Istanbul has biggest fall
Istanbul, in Turkey, which experienced the sharpest decline in the cost of living ranking in the past 12 months, fell by 48 places to joint 120th. The reason for this drastic decline was the recent sharp slide of the Turkish lira and annual consumer price inflation surging to 25.2% in October 2018.

The Argentinan capital, Buenos Aires, has now joined the bottom 10 cities in joint 125th place. It also fell by 48 places in the ranking following a crisis of confidence in Argentina, resulting in the peso weakening sharply against the US dollar in August.

Sofia among top movers
Among the biggest movers was Sofia, in Bulgaria, which moved up 29 places to joint 90th. Bulgaria is an economically stable eastern European country, which pegs its currency, the Bulgarian Lev, to the Euro, but is yet to join the Eurozone. Sofia continues to offer good value for money, although prices for groceries in the capital city are beginning to rise in line with western European destinations in anticipation of the country adopting the Euro.

Average cost of living falling
The impact of high inflation and currency denominations is also reflected in the average cost of living falling this year. Using New York as a base, the global cost of living is at 69%, down 4% from last year. This is significantly lower than five years ago, when the average cost of living was 82% and ten years ago was 89%.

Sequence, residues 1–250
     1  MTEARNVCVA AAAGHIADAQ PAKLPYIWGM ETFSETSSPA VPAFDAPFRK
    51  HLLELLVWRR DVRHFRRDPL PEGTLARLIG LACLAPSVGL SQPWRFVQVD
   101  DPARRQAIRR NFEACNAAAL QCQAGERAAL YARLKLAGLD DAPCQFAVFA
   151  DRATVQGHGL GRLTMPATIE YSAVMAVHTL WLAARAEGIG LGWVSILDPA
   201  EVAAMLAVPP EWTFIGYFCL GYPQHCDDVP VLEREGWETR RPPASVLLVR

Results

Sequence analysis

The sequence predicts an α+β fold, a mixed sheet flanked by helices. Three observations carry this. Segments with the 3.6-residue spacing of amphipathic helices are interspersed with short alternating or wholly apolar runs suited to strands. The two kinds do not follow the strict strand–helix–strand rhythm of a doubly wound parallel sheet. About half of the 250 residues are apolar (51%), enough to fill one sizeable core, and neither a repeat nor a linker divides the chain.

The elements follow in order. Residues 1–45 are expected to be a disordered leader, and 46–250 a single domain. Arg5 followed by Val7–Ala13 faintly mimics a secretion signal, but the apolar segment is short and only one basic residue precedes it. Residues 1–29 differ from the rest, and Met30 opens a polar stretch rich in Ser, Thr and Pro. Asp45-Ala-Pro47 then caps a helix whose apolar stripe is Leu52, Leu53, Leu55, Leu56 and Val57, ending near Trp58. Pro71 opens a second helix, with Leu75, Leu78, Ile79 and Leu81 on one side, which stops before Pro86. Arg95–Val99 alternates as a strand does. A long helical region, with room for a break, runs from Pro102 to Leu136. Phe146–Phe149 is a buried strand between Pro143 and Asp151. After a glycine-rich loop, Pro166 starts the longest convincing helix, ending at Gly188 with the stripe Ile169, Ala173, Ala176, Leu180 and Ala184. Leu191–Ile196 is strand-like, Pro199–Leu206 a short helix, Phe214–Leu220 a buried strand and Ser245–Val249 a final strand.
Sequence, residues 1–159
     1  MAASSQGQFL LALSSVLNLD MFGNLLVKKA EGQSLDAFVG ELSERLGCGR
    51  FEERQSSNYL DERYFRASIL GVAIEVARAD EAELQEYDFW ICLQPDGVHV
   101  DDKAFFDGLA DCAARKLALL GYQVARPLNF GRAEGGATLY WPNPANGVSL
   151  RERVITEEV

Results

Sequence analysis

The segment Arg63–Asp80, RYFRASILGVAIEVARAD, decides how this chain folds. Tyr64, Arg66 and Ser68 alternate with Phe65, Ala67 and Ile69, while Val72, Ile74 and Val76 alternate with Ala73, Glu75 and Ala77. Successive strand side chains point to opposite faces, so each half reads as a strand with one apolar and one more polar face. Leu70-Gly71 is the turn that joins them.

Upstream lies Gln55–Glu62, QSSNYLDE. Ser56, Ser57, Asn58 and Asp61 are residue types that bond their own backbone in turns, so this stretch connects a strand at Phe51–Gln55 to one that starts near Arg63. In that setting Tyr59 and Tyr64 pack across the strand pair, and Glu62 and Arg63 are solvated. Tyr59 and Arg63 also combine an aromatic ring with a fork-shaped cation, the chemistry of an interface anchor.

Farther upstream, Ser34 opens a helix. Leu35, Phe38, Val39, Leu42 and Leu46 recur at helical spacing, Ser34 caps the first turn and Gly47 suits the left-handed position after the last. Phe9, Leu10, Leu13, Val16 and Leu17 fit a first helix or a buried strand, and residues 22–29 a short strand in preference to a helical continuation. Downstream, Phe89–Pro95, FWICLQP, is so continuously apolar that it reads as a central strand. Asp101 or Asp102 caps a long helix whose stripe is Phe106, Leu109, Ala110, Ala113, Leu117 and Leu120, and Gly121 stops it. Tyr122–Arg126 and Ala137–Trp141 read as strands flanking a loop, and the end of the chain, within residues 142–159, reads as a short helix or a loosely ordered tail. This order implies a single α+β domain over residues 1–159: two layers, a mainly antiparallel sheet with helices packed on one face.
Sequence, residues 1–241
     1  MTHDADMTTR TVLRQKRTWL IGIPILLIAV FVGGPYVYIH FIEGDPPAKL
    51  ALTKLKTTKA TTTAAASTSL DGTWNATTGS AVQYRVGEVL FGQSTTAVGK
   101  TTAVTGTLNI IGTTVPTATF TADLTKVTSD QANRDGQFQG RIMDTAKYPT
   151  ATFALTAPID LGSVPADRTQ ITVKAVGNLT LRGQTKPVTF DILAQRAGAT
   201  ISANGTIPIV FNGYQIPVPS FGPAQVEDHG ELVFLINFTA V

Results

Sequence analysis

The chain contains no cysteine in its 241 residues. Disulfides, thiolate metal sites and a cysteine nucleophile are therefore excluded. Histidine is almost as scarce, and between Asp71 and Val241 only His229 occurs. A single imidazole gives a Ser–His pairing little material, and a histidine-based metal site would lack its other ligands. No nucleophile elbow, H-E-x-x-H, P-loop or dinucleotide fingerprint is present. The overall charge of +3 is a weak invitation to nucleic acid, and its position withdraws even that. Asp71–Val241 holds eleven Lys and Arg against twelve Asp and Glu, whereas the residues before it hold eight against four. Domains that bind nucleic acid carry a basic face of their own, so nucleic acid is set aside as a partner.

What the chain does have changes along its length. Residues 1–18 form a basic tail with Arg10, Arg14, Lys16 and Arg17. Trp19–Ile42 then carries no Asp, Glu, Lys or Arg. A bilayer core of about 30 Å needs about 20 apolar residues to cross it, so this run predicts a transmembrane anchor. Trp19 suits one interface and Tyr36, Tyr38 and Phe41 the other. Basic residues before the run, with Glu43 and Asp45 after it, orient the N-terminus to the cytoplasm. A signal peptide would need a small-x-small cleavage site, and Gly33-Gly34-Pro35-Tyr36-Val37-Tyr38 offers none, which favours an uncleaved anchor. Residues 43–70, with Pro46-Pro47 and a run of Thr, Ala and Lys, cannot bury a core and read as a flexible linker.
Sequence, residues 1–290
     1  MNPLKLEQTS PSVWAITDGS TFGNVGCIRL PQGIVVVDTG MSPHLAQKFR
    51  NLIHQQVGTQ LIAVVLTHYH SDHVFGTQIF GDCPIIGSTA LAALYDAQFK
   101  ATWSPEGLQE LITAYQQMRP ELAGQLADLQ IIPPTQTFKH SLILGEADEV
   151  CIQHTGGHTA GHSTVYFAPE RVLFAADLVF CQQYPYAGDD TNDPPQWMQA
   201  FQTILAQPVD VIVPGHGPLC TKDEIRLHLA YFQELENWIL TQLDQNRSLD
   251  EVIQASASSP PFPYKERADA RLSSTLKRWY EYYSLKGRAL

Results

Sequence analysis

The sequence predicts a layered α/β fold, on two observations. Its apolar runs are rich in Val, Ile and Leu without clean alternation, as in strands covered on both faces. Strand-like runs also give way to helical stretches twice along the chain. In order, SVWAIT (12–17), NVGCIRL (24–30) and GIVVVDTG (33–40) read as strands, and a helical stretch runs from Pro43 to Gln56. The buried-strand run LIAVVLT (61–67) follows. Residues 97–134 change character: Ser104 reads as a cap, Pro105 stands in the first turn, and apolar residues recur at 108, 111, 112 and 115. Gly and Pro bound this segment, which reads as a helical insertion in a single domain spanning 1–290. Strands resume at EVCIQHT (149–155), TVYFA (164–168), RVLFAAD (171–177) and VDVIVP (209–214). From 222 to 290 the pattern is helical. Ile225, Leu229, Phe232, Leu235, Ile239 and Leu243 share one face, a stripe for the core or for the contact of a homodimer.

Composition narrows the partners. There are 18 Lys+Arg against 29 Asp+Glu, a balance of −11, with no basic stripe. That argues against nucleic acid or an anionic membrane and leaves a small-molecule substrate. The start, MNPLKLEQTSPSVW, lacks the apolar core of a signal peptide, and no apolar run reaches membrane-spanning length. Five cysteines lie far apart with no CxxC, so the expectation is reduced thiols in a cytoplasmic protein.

Groceries expensive in Asian cities
Asian cities tend to be the priciest locations for general grocery shopping, while European cities tend to have the highest costs for household, items personal care, recreation and entertainment.

Political and economic shocks
This year could see the fallout from a number of political and economic shocks – including Brexit and the US-China trade wars – having deeper effects, the survey suggests.

“The UK has already seen sharp declines in the relative cost of living owing to the Brexit referendum and related currency weaknesses. In 2019 these are expected to translate into further price rises as supply chains become more complicated and import costs rise. These inflationary effects could be compounded if sterling were to stage a recovery.

“There are other unknowns as well. The US president, Donald Trump, has caused some significant upheaval in trade agreements and international relations, which may push up prices for imports and exports around the world as treaties unravel or come under scrutiny.

“Meanwhile, measures adopted in China to address growing levels of private debt are still expected to prompt a slowdown in consumption and growth over the next two years. This could have consequences for the rest of the world, resulting in further staged renminbi devaluations that would affect the relative cost of living in Chinese cities. The lasting impact of the US-China trade war is still to be judged, but there are already signs of the weaker global economic environment, which is only set to deepen.”